Lung Cancers Diagnosed at Annual CT Screening: Volume Doubling Times

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The distribution of volume doubling times of cancers diagnosed in annual rounds of CT screening is not significantly different from that previously reported in an earlier study for all cancers (P = .51) or for non–small cell cancers only (P = .69).


To empirically address the distribution of the volume doubling time (VDT) of lung cancers diagnosed in repeat annual rounds of computed tomographic (CT) screening in the International Early Lung Cancer Action Program (I-ELCAP), first and foremost with respect to rates of tumor growth but also in terms of cell types.

Materials and Methods

All CT screenings in I-ELCAP from 1993 to 2009 were performed according to HIPAA-compliant protocols approved by the institutional review boards of the collaborating institutions. All instances of first diagnosis of primary lung cancer after a negative screening result 7–18 months earlier were identified, with symptom-prompted diagnoses included. Lesion diameter was calculated by using the measured length and width of each cancer at the time when the nodule was first identified for further work-up and at the time of the most recent prior screening, 7–18 months earlier. The length and width were measured a second time for each cancer, and the geometric mean of the two calculated diameters was used to calculate the VDT. The χ2 statistic was used to compare the VDT distributions.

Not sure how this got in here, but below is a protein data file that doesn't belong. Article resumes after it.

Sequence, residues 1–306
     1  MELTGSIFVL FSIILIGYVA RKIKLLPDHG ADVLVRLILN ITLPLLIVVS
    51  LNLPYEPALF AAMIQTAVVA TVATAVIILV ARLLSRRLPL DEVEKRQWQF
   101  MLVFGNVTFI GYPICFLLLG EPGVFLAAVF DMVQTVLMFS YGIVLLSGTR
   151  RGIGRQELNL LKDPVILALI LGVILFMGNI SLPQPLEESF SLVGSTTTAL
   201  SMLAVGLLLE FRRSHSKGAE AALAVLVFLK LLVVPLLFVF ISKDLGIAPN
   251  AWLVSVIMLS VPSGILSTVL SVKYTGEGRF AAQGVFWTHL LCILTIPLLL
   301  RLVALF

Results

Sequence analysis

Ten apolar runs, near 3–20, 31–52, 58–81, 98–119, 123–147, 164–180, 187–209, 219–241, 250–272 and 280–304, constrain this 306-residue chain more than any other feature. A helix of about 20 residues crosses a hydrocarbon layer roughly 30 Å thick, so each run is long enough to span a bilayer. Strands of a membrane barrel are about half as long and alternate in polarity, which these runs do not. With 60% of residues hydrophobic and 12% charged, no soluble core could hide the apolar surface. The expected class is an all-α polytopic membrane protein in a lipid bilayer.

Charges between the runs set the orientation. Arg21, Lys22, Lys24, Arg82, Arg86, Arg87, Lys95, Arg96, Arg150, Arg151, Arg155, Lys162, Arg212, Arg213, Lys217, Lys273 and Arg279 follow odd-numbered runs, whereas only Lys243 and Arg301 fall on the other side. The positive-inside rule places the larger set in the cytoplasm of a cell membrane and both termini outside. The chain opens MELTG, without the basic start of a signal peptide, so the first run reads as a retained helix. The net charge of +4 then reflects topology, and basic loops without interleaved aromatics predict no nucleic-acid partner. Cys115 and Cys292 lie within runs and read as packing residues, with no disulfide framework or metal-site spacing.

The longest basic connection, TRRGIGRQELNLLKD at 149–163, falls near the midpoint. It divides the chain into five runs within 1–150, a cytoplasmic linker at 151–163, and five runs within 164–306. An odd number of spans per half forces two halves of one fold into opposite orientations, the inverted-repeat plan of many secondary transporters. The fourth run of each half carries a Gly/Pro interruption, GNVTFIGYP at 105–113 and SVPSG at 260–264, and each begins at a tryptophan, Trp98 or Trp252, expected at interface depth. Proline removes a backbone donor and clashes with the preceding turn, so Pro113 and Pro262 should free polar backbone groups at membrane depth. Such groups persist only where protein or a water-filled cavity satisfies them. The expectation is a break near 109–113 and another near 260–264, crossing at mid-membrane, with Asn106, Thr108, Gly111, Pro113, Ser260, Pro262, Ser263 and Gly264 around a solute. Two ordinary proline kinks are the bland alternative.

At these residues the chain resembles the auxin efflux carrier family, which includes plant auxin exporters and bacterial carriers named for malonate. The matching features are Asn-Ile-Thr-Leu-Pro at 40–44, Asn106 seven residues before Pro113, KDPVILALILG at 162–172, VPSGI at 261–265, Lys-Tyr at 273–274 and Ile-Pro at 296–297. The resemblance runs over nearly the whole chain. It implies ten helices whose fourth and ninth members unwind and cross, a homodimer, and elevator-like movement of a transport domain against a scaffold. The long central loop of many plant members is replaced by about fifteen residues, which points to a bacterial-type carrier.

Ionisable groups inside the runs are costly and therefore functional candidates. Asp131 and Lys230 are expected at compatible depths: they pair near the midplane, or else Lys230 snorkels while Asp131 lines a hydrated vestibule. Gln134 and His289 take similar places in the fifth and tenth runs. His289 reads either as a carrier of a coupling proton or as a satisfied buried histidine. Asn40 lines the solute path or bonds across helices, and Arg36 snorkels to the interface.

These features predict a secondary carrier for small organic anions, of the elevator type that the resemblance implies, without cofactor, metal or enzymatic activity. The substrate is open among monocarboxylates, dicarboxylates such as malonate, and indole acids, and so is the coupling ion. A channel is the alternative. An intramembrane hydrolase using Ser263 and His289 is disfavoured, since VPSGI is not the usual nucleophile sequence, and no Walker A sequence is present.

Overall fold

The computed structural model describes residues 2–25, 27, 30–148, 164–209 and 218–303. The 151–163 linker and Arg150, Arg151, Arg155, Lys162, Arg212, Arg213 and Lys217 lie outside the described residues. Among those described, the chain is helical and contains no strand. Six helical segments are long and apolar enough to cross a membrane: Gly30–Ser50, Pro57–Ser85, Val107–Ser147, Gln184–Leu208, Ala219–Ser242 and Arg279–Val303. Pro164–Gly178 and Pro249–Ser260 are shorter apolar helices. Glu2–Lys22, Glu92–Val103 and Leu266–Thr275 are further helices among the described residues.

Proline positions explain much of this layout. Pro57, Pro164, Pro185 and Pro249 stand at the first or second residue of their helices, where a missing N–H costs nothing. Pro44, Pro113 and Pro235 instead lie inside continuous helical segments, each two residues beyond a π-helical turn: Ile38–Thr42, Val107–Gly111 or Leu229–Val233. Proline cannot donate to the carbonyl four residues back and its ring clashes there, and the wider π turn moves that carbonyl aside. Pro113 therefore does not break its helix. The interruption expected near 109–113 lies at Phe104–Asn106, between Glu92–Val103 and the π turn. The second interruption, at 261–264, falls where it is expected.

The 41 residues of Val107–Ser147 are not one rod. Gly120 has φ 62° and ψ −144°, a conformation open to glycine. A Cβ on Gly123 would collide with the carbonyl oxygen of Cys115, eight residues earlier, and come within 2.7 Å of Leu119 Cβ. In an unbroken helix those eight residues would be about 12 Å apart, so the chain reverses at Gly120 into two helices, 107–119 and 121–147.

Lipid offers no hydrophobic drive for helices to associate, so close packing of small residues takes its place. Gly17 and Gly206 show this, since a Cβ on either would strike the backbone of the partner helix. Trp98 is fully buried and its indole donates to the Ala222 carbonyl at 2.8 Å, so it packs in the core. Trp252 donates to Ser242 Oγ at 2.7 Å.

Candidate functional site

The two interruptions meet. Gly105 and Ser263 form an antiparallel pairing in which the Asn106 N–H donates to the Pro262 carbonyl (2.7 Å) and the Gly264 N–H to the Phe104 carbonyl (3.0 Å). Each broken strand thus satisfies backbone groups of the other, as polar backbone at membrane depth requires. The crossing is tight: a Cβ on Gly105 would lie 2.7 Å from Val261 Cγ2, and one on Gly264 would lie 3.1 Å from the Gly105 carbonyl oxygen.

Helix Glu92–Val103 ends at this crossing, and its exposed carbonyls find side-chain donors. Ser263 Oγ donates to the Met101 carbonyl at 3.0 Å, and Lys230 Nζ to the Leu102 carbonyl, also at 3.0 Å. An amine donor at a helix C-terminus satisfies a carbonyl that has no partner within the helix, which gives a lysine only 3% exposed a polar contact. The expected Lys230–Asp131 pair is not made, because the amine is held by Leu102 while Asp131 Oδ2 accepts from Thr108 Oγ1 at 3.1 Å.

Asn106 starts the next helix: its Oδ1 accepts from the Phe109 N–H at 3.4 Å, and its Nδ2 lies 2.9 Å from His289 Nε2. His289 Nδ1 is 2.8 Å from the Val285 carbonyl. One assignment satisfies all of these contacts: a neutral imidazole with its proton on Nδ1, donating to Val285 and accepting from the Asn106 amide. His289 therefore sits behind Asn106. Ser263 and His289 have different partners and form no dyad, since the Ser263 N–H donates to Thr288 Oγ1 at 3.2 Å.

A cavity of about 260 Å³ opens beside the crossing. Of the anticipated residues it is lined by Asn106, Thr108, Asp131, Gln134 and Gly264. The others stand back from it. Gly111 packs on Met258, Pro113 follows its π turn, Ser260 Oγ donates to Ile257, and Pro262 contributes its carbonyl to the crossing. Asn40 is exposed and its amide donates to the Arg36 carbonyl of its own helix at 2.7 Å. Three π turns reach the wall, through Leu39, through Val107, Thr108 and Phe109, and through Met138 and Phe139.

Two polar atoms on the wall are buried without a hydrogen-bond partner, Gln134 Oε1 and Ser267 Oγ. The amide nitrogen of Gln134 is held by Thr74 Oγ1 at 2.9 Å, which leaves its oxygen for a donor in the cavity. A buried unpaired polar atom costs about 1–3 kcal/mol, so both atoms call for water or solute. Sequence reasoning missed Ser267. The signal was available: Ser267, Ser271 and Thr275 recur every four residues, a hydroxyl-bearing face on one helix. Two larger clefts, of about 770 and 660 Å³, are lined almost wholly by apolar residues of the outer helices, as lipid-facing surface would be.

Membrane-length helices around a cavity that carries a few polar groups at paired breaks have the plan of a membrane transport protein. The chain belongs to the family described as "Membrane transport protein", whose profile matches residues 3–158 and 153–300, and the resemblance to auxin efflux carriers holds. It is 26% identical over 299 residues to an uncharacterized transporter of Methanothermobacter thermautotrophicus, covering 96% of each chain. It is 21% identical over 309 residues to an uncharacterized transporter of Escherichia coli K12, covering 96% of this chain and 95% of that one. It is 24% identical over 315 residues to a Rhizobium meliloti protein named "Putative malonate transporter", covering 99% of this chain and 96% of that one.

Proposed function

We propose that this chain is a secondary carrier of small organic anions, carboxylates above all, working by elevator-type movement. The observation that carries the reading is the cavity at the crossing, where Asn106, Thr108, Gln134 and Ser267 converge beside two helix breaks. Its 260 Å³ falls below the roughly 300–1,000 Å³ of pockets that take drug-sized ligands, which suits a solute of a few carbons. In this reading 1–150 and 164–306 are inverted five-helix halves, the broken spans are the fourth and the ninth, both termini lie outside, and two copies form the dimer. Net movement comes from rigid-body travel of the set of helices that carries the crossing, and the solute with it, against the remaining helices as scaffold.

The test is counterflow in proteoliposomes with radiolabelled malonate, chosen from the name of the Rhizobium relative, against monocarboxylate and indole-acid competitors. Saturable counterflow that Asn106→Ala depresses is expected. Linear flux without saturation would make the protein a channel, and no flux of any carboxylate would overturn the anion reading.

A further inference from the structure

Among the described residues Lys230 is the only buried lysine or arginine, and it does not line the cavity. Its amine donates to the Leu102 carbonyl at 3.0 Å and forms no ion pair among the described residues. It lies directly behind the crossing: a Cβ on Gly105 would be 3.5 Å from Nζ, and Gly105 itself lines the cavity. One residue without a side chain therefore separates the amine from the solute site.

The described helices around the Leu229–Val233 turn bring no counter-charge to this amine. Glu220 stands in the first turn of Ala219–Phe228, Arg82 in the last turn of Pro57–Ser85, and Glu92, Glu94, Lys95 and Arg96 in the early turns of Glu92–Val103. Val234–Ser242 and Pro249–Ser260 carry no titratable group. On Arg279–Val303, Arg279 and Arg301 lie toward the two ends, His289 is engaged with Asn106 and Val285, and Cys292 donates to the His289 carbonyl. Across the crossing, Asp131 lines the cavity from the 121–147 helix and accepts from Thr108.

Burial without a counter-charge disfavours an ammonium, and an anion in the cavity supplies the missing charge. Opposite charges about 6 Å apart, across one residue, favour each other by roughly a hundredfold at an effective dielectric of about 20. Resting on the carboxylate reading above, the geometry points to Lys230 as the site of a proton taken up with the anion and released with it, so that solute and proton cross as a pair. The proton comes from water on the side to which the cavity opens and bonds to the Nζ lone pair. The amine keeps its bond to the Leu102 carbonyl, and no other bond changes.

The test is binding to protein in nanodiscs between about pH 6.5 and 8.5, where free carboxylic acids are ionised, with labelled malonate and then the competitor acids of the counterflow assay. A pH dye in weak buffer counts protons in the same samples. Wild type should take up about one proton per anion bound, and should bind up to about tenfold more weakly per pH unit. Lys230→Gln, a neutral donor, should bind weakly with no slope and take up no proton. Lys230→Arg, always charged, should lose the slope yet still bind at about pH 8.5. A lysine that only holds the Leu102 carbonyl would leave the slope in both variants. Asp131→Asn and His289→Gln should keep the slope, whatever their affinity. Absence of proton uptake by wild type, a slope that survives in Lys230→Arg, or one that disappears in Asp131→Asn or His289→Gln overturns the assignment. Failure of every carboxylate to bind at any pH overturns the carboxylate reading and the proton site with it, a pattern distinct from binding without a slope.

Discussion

The median VDT for 111 cancers was 98 days (interquartile range, 108). For 56 (50%) cancers it was less than 100 days, and for three (3%) cancers it was more than 400 days. Adenocarcinoma was the most frequent cell type (50%), followed by squamous cell carcinoma (19%), small cell carcinoma (19%), and others (12%). Lung cancers manifesting as subsolid nodules had significantly longer VDTs than those manifesting as solid nodules (P < .0001).


Lung cancers diagnosed in annual repeat rounds of CT screening, as manifest by the VDT and cell-type distributions, are similar to those diagnosed in the absence of screening.

© RSNA, 2012


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Article History

Received February 10, 2011; revision requested March 30; revision received December 6; accepted December 13; final version accepted January 13, 2012.
Published online: May 2012
Published in print: May 2012